Keep an eye on this Canadian author, especially if you live in Toronto. His hugely successful novel Fifteen Dogs was such a pleasure to read and this one I liked even better! Fifteen Dogs, winner of the 2015 Giller Prize, recently made it onto the Canada Reads shortlist and one of the dogs in that story, a black poodle named Majnoun, makes a guest appearance in this book. And the setting is so recognizably Toronto: Liberty Village, Mount Pleasant Cemetery, Parkdale, Rosedale, Queen St., King St. and various condos by the lakeshore, and more.
Inspired by Treasure Island, the premise of The Hidden Keys caught my attention immediately. A highly accomplished but strangely honourable thief, makes a promise to an aging heroin addict that he will help her solve a mysterious inheritance puzzle left by her wealthy father. Willow believes her Dad set the treasure hunt before he died, but her siblings do not. So Willow needs Tancred, her friend the thief, to steal the objects needed to gather the pieces and solve the puzzle. Of course the quest gets complicated, both by Tancred’s very good friend who is a police detective, and some thugs who are threatening to get in the way or worse, make off with the treasure. The novel kept my interest and is well paced, but also has a reflective side, raising questions about what it means to be faithful and good and whether money can ever really bring happiness. The book is a strange combination of elegant writing and funny adventure. Only in Canada, will you find a crime/mystery novel with a hugely polite and thoughtful thief at the centre of the story!!
Post-apocalyptic is not usually my cup of tea, but I loved this one. It came highly recommended by someone who’s reading taste is similar to mine, and I was not disappointed. This is an elegant literary novel about memory, art, and survival. It is beautifully written and artfully atmospheric. Partially set in Toronto and partly in a world that has been devastated by a pandemic flu, the author seamlessly weaves together the past and the present. The book combines some interesting aspects of culture: quotes from Star Trek (“survival is insufficient”), Shakespearean plays, symphony orchestra performance, and comic book art. When everything is lost, what do we long for, what do we remember? Pablo Picasso said, “Art washes away from the soul, the dust of everyday life.”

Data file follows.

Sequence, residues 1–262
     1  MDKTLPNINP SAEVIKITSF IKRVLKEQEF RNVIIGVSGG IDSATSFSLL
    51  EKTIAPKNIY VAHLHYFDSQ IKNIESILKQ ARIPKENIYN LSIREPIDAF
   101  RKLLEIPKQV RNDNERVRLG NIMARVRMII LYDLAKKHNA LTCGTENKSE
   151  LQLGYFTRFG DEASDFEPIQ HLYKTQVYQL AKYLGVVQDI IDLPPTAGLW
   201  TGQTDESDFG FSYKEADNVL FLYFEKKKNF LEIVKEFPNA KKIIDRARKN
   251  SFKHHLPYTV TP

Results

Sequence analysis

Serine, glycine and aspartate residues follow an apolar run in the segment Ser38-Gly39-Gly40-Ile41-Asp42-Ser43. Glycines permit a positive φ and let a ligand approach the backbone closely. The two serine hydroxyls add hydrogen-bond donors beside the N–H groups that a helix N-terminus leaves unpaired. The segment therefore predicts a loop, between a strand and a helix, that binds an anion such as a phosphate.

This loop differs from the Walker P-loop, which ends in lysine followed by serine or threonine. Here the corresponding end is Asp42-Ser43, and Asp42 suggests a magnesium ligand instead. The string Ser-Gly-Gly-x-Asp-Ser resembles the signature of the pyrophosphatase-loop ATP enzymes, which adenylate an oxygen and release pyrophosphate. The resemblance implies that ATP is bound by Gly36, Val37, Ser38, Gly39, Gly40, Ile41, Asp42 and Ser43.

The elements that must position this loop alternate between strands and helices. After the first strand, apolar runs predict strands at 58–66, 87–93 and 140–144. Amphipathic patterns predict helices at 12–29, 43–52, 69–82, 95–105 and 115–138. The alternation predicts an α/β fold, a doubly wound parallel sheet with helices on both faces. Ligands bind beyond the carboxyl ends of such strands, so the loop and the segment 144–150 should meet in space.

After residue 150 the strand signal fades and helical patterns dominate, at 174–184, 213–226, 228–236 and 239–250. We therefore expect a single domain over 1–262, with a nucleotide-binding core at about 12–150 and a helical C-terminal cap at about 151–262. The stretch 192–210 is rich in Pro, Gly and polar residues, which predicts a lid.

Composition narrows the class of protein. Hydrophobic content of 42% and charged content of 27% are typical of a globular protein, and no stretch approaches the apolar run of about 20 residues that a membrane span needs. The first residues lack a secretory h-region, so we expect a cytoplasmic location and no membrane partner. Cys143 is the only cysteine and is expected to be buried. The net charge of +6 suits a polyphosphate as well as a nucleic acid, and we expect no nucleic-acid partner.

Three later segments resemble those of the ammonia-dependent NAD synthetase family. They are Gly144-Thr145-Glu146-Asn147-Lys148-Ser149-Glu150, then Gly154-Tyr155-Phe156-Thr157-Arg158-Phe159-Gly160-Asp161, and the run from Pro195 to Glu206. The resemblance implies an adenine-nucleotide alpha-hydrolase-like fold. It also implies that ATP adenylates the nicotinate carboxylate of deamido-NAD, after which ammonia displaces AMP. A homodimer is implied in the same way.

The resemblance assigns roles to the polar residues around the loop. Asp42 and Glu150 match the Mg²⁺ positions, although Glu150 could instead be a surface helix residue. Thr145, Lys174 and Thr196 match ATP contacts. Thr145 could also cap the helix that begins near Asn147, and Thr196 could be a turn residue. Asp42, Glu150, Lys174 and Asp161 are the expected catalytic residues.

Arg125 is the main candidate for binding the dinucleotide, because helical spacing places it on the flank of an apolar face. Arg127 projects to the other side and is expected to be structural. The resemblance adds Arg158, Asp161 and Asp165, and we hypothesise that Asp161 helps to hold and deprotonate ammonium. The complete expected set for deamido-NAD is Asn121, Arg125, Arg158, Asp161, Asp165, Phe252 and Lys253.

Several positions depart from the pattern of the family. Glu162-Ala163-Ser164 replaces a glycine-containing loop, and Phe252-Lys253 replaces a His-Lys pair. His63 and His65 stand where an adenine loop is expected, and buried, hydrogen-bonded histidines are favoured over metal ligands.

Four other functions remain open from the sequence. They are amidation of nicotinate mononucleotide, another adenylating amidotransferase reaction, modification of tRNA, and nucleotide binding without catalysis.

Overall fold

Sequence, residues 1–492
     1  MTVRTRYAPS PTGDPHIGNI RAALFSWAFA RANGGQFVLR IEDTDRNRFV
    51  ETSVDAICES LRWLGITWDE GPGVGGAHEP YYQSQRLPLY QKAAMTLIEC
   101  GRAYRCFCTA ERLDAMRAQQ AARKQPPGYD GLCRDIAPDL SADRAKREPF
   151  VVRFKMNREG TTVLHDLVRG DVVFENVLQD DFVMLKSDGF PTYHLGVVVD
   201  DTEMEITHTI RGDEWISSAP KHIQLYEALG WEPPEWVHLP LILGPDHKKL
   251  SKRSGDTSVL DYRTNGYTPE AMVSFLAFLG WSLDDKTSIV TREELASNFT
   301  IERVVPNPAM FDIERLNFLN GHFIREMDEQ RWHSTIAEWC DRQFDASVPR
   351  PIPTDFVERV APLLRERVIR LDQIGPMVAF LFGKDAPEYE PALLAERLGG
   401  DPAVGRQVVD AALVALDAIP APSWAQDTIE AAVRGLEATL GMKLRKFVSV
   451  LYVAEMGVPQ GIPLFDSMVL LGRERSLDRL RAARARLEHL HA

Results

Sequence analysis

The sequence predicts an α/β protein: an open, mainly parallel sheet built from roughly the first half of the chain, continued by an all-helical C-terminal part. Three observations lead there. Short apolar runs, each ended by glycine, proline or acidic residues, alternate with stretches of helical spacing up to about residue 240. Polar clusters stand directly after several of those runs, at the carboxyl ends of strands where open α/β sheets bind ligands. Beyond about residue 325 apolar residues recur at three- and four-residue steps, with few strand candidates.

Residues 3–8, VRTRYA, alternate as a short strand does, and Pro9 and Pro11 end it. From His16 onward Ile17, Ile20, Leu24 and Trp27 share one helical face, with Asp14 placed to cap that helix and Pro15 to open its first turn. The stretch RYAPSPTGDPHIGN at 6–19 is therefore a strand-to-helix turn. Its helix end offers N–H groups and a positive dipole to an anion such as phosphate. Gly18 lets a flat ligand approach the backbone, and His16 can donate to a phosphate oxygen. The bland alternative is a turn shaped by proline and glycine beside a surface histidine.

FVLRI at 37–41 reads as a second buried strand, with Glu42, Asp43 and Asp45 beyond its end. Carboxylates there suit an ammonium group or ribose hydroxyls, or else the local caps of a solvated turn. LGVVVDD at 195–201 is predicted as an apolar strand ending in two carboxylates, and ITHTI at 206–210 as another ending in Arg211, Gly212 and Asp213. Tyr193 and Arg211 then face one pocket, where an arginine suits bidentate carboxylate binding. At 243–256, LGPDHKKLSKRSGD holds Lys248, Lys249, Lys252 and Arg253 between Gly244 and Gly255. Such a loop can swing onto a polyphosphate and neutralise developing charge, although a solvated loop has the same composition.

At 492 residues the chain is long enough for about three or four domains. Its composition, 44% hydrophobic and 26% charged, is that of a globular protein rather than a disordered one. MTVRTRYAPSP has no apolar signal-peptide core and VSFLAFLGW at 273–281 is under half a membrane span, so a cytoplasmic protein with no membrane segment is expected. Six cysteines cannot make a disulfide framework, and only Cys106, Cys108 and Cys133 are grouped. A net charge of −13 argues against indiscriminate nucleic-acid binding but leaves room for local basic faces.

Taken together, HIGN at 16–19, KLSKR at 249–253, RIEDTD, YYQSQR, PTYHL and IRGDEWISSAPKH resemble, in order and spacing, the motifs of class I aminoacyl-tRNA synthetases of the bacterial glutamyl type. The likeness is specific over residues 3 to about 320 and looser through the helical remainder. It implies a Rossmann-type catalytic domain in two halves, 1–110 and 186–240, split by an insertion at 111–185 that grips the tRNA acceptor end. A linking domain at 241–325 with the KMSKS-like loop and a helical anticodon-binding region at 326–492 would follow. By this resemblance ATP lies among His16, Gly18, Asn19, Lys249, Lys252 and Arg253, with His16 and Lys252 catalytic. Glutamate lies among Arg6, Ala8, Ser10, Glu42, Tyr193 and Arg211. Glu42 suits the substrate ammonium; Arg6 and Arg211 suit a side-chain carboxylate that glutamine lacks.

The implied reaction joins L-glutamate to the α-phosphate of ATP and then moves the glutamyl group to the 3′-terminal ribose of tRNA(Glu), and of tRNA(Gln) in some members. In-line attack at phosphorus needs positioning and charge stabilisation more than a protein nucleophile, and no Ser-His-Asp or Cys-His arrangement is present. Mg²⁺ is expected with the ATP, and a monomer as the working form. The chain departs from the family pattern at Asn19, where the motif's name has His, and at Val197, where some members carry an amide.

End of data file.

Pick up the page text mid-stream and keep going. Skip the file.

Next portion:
The story begins on a Toronto stage. The actor who is performing King Lear, collapses from a heart attack mid-scene and a paramedic in the audience rushes up to do CPR. But it is too late for Arthur, and for the world that is at that moment on the threshold of an unimaginable collapse. It is quite sobering to think about how vulnerable we really are, how little control we have, and how quickly the “world as we know it” could become a distant memory.
I don’t want to say more because this book needs to be experienced. While I was reading it I couldn’t stop thinking about it and I know it will stay with me for a very long time. Though similar to Cormac McCarthy’s The Road and is unsettling, I found this book less depressing and more hopeful. It is very thought provoking. Station Eleven is an excellent pick for book clubs and will definitely be one that will be talked about in many literary circles! It is one of those gems that is both approachable and extraordinary. Definitely not just for sci-fi fans!